There is Work in Digital Tech, Regardless of Background

There is Work in Digital Tech, Regardless of Background

Stephen O’Grady is co-founder of RedMonk, a Maine consulting firm with global clients. They help “companies understand developers better, and to help developers, period.”

“I want [kids] to understand that no matter what their background, what their training, there is a place for them in this industry if they enjoy the work and are willing to work hard. It’s a demanding and challenging industry, and it requires the intellectual flexibility to adapt to a constantly changing environment, but whether you’re a CompSci major or didn’t attend college, you can work in this business…

“I’m a firm believer that technology can be taught if a candidate is bright, motivated and has the kind of skills that are harder, I believe, to teach: work ethic, how to write well, how to be a good teammate, and so on…

“So for all of the liberal arts majors, college dropouts, people looking for a new career or anyone else thinking about the field, if nothing else, I hope my path gives you hope.

“If the industry has room for me, it sure as hell does for you too.”

Tyler Technologies Seeks Talent at the Academy

Tyler Technologies Seeks Talent at the Academy

With offices in Falmouth and Bangor, as well as across the U.S., Tyler Technologies is one of Maine’s premier employers and a UNE Academy of Digital Sciences partner. Helping inform the Academy’s curriculum and model, partners like Tyler are key to our learners’ success. Tyler Vice President Angela Gaudreau knows that the success of programs like the Academy is key for her company’s growth here in Maine and beyond.

“As a technology company with an employment projection of 10% growth for the foreseeable future, Tyler Technologies understands the need for current technical skills in the workforce,” says Vice President, Angela Gaudreau. “UNE’s Academy of Digital Sciences meets this need, providing a valuable resource for students and providing employers with a workforce that has the necessary skills and qualifications.”

Tyler Technologies is the largest U.S. software company solely focused on providing integrated software and technology services to the public sector — cities, counties, states and school districts. Tyler creates, delivers and supports software solutions and services that help local governments and schools manage complex, day-to-day business functions. With a wide clientele and broad product portfolio, Tyler’s team includes project managers, software engineers and developers, user experience designers, and data analysts; Tyler also offers internships in all of its function areas. The UNE Academy of Digital Sciences encourages students to identify their passions so they can identify a career path the suits their goals and serve employers’ needs.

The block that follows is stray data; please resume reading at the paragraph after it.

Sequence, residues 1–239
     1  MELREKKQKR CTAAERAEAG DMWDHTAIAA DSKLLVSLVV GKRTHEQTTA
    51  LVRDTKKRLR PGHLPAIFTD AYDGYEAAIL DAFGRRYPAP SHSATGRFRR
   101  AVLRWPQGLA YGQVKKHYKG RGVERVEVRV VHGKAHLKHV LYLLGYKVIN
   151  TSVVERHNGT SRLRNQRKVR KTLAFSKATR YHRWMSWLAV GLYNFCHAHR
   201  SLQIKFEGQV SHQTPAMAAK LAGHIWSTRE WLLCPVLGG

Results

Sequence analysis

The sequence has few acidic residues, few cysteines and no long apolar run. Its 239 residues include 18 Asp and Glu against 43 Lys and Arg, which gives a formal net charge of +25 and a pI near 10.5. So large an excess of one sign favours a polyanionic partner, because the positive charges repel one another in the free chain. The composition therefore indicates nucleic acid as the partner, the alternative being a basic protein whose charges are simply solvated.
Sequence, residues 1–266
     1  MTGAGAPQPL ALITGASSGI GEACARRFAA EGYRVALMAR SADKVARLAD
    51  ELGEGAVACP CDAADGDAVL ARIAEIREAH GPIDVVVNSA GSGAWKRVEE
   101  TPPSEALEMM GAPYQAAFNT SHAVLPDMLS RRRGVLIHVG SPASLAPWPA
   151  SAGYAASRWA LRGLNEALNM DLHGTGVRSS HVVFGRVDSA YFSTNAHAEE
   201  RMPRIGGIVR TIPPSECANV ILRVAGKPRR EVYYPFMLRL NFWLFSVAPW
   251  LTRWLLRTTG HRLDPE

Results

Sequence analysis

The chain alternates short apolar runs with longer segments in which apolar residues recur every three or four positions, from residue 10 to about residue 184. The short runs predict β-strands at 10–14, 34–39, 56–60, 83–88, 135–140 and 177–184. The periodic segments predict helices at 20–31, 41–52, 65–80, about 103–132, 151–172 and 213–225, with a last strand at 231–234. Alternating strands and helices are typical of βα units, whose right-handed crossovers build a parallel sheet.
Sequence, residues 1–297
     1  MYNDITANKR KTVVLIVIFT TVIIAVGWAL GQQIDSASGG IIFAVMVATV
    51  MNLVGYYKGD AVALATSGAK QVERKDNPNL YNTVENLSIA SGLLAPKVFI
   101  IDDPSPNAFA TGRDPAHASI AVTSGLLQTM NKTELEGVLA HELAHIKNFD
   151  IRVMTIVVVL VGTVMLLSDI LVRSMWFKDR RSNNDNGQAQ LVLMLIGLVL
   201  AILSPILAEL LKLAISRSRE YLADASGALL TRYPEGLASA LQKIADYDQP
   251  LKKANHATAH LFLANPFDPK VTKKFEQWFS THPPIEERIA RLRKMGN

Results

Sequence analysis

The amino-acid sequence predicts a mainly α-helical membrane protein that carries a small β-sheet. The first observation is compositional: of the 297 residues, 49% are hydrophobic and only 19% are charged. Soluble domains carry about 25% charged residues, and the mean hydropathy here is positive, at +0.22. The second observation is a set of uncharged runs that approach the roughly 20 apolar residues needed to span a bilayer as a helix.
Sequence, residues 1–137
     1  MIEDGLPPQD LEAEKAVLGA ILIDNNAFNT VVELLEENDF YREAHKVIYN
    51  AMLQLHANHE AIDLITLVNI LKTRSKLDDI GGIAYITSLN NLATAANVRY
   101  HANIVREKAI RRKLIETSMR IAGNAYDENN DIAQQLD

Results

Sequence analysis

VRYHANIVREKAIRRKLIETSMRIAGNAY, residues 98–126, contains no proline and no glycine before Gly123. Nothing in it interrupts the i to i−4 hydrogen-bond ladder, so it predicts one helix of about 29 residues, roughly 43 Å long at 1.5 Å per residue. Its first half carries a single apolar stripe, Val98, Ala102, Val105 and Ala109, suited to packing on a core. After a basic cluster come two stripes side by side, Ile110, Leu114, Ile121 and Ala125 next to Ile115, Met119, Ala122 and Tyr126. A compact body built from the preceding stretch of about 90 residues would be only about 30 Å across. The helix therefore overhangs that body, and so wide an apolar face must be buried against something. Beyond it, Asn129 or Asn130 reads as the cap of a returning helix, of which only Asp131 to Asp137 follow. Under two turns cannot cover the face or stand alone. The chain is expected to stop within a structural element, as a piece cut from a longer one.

“Programs like UNE’s Academy of Digital Sciences is unique in that its curriculum is a collaborative effort between Maine’s technical employers and the Academy, lending it the credibility and viability not found in traditional technical or digital programs,” says Gaudreau. “It includes hands-on mentorship from participating employers, while offering the flexibility and accessibility of an online accelerated format that will ensure traditional as well as non-traditional students learn the skills that match the growing number of technical jobs here in Maine.”

  • For more information about Tyler Technologies go to:
  • For more information about the UNE Academy of Digital Sciences go to:

First Session Academy Learner Accepts Paid Internship at IDEXX

First Session Academy Learner Accepts Paid Internship at IDEXX

Sam Saleh is on the move. After completing the Digital Essentials course at UNE’s Academy of Digital Sciences, Sam has accepted a paid internship at IDEXX Laboratories in the company’s IT department.

Sam has always been interested in learning about computers, programming and understanding how they work.  While he did not receive a college degree, he took time to teach himself programming and general computer troubleshooting and share his knowledge of computers with others over the course of many years while working construction. He had wanted to make the shift to a tech career but had thought it would require a four-year computer science program. The UNE Academy of Digital Sciences was exactly what he was looking for.

“Computers have always amazed me. The things that they are capable of and how fast things advance in technology is quite mind blowing. I wanted to widen my view on technology. It amazes me that while you think you have a strong understanding of something there is always that next level of thinking. Working with everyone in this program really gives you a different perspective and opens your mind to different ideas and interpretations which has been amazing for me.”